When Shohei Ohtani slipped on the Los Angeles Angels’ cap and jersey in his first game in 2018, something significant went along with the new franchise’s first Japanese player.
A little more than a year ago, many Americans found out for the first time that Ohtani was not just one of the best pitchers in baseball, but an MVP-caliber hitter as well. The moment of being greeted by a throng of 30,000 screaming New York Yankees fans on April 24, when Ohtani made his debut for the Angels in New York, was arguably his defining moment of his career.
Of course, to more than a few Americans, Ohtani is an even bigger hero as an individual than a member of the Angels. His cell phone will be in the shop during the game or in New York next time he’s in town with the Yankees. His schedule is never available on draft day because Ohtani has too many potential draft-day requests to sort through. Fans will probably have news alerts on their phones if he’s traveling with his girlfriend and family or playing with his national team at the World Baseball Classic. Ohtani has used his satellite radio app a couple of times to connect with the rest of the world during the offseason.
To his legion of fans, Ohtani is always the MVP.
“We’re just blessed that he’s one of us,” said Hiroyuki Yabugo, a Japanese translator in Japan who travels around the country to do advance scouting for Ohtani’s Pacific League team, the Kintetsu Rakuten Golden Eagles. “To live the fan attention like that is a blessing.”
Actually, Ohtani doesn’t really have a rooting interest in Japanese professional baseball. He once said he prefers to play for the Angels, one of the best teams in MLB, simply because it made the most sense economically. He has said his wish to play with the Angels does not make him better or worse than the other players in Japan’s Pacific League, but he did say he would continue playing with the Eagles “as long as they’re good.”
Both the Eagles and the Angels compete for the Pacific League title, and the Eagles are in good shape for the playoffs with Ohtani and fellow Japanese pitcher Kenta Maeda behind the plate. Maeda, the former major league star who is primarily a reliever, is an especially nice bonus for the Eagles as they try to compete against the nationally well-regarded Hanshin Tigers.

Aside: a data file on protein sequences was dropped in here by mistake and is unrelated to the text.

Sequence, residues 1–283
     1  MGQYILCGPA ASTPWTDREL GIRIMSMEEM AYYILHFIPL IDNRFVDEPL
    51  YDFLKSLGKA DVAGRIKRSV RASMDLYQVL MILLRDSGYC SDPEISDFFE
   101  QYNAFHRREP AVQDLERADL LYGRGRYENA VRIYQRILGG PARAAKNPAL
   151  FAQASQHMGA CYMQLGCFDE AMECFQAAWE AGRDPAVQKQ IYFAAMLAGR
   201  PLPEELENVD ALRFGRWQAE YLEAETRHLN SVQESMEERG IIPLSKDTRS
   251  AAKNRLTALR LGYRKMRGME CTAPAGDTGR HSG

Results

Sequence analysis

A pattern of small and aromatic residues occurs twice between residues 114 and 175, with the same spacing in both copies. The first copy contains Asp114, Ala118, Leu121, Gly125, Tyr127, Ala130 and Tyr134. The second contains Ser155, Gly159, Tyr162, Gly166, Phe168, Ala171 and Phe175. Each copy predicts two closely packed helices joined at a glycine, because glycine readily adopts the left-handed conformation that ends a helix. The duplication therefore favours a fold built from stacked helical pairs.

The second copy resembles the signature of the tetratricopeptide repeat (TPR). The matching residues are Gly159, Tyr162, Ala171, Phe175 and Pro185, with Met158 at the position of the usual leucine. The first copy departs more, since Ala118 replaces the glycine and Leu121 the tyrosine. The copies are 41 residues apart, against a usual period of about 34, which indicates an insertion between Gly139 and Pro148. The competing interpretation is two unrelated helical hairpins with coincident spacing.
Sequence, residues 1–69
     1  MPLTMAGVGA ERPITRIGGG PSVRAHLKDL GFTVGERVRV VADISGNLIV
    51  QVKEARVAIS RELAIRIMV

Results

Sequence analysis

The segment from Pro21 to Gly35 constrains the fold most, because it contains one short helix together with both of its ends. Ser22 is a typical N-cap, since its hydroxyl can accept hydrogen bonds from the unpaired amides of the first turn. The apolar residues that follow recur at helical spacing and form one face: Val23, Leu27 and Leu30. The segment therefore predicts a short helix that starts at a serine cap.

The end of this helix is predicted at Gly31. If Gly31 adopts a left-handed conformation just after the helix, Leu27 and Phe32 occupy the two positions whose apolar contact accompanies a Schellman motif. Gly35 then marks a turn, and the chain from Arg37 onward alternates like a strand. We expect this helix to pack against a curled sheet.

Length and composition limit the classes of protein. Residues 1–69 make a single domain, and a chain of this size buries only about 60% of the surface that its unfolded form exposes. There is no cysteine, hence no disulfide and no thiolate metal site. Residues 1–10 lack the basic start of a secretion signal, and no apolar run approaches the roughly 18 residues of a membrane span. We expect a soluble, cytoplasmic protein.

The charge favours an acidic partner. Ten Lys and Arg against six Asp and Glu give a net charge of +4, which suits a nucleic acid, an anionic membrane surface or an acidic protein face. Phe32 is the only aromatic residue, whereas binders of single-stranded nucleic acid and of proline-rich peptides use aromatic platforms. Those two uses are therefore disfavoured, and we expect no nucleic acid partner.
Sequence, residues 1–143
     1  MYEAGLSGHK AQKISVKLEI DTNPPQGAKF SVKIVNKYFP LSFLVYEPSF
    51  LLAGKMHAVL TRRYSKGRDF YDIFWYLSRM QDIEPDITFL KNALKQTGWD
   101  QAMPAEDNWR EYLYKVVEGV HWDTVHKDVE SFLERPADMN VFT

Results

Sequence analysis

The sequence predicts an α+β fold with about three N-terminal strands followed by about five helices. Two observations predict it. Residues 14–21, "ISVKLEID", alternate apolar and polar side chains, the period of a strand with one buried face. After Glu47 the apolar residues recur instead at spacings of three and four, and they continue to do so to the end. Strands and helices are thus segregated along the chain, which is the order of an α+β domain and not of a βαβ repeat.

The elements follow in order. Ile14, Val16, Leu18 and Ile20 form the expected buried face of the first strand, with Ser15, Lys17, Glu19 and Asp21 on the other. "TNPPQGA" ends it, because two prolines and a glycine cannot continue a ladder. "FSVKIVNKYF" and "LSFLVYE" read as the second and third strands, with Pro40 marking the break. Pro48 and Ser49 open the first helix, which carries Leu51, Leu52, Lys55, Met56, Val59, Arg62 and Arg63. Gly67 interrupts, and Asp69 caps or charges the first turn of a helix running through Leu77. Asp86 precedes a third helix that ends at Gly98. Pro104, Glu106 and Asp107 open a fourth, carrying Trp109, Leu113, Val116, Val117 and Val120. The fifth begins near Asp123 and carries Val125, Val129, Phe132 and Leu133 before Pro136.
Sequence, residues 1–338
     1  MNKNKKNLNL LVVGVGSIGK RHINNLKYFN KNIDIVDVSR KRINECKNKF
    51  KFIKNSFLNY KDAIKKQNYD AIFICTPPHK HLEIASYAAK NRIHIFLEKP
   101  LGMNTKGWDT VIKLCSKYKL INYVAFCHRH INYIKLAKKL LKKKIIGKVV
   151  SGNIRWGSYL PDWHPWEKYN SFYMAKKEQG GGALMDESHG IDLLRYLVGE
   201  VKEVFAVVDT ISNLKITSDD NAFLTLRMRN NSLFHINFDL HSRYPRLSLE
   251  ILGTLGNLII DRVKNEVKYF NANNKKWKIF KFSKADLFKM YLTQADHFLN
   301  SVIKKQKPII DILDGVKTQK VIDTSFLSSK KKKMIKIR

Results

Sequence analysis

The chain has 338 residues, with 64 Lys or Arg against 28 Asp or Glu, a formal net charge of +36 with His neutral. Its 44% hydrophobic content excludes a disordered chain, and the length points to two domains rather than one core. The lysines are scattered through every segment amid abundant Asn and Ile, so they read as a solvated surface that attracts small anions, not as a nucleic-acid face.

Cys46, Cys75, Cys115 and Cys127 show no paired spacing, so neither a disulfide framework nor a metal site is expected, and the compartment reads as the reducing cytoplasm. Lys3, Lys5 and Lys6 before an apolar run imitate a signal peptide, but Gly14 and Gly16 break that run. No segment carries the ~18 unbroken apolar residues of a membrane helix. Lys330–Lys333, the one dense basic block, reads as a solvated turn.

This season, Ohtani said he will decide whether he wants to keep playing with the Eagles in 2019.
“I can’t say at this moment what I’m going to do,” Ohtani said. “All I can say is, I’m open for whatever decision.”
A potential outcome is that Ohtani remains with the Eagles, which already has a feeling-good story of Japanese players being proud of being Americanized in the States.
But other than Ohtani, it’s highly unlikely that the Eagles will be around after 2019. The Angels will acquire left-hander Julio Urias, a 20-year-old prospect who has a fastball reaching 94 mph, and sign a free agent shortstop and outfielder who both are Japanese.
The Eagles are the Yankees’ old Class A rival for a reason. Their roster features a handful of Japanese players and each spring, the two clubs play an exhibition series against each other.
“They’re good,” Ohtani said of the Eagles when he first arrived in Los Angeles after the season. “We’re just trying to compete against them. The guys know me, and I like them to like me.”
The Angels have had Ohtani for a full season, and he has shown he has the ability to dominate.
Ohtani is hitting .293 with 27 home runs and a .952 OPS. He’s been relatively streaky, hitting 15 home runs after July 28 and going without a home run in six of the Angels’ last seven games.
He is leading the majors in home runs, walks and on-base percentage and leading the American League in wins above replacement. After a flurry of criticism from fans, The Los Angeles Times picked Ohtani to lead AL MVP voting. Ohtani has a sizable lead over the other finalists for the MVP award — Miguel Andujar of the Yankees, Aaron Judge of the Yankees and Cody Bellinger of the Dodgers.
With the season ending Tuesday, Ohtani’s decision has to be imminent, and the right moment to make it. It’s almost a done deal that Ohtani is off the Eagles in 2019.
But for his fans, it’s not yet time to make their own decision. For now, they’re hanging onto Ohtani with all their might.
“To be a true superfan, you have to be around him